During President Trump’s declaration of a National Emergency, our hoax of a president stunningly said he “takes no responsibility” over the criminal handling of coronavirus testing failures.
This, of course, shifted focus yet again to the rabidly anti-science policies the Trump administration recklessly engaged in prior to the outbreak of COVID-19.
Case in point, Trump’s breathtakingly stupid and dangerous 2018 decision to shutter the National Security Council’s (NSC) office overseeing responses to pandemics, something that former National Security Advisor John Bolton now says did not hinder the government’s response to coronavirus.
“Claims that streamlining NSC structures impaired our nation’s bio defense are false. Global health remained a top NSC priority, and its expert team was critical to effectively handling the 2018-19 Africa Ebola crisis. The angry Left just can’t stop attacking, even in a crisis,” Bolton tweeted Saturday morning.
Claims that streamlining NSC structures impaired our nation's bio defense are false. Global health remained a top NSC priority, and its expert team was critical to effectively handling the 2018-19 Africa Ebola crisis. The angry Left just can't stop attacking, even in a crisis.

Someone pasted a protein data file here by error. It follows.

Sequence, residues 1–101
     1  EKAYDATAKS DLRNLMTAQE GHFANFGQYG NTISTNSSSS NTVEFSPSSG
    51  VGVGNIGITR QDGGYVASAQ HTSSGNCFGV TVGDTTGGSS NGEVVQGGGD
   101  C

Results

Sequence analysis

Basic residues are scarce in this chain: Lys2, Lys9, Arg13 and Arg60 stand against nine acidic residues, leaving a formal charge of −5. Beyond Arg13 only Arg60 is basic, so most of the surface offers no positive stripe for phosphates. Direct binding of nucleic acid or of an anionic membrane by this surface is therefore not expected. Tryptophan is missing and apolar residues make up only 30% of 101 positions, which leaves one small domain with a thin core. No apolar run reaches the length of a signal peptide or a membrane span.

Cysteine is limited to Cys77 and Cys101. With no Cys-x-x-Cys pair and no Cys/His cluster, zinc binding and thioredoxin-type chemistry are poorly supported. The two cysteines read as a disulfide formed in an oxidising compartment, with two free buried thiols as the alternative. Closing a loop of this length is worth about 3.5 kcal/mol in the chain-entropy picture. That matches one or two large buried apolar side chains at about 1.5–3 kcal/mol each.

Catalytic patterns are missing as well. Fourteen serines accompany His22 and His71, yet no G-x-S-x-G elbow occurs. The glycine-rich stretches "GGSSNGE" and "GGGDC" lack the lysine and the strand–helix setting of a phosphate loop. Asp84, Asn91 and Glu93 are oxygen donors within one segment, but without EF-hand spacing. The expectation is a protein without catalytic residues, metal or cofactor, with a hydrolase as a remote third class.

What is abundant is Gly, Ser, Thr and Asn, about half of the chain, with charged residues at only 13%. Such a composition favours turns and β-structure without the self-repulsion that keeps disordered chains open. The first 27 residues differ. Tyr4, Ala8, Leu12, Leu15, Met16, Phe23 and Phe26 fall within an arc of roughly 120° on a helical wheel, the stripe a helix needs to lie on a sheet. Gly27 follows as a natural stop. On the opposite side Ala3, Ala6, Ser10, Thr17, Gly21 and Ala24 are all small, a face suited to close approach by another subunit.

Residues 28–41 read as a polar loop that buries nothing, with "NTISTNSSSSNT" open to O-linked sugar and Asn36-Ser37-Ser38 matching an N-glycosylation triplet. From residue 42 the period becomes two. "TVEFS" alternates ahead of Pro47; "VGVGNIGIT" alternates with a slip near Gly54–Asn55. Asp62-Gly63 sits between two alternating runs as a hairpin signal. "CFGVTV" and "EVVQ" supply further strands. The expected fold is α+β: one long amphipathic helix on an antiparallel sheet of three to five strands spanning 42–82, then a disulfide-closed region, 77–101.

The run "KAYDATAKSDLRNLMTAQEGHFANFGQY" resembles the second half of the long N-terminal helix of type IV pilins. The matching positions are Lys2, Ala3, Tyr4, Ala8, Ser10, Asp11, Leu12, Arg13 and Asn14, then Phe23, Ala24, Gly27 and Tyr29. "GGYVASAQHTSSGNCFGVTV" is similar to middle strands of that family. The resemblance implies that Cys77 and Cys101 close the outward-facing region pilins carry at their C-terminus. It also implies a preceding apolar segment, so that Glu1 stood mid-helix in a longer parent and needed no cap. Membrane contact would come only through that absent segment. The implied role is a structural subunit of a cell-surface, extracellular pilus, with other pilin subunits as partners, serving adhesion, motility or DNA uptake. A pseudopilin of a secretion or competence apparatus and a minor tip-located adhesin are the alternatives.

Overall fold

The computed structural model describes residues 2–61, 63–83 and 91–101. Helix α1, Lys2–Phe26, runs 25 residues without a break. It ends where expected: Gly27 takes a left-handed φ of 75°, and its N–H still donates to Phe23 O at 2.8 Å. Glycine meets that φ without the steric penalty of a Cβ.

— John Bolton (@AmbJohnBolton) March 14, 2020
Is he still a progressive hero?
But seriously, whatever iota of credibility Yoesmeite Sam’s crazier brother might have had during Trump’s impeachment just dropped fast than the Dow Jones Industrial Average.
What happened to the team at the NSC is what happens at every major governmental department in this mafioso administration: Trump and his handpicked cronies forced out all former Obama officials and anyone with an iota of credibility and experience.
Rear Adm. Timothy Ziemer, for example, was forced out of the National Security Council (NSC) after Bolton disbanded the unit that Ziemer was supervising as part of an effort to downsize the bloated NSC staff. And former senior director of the National Security Council’s dissolved pandemic unit Beth Cameron said its closure left the United States “less prepared” for the COVID-19 outbreak.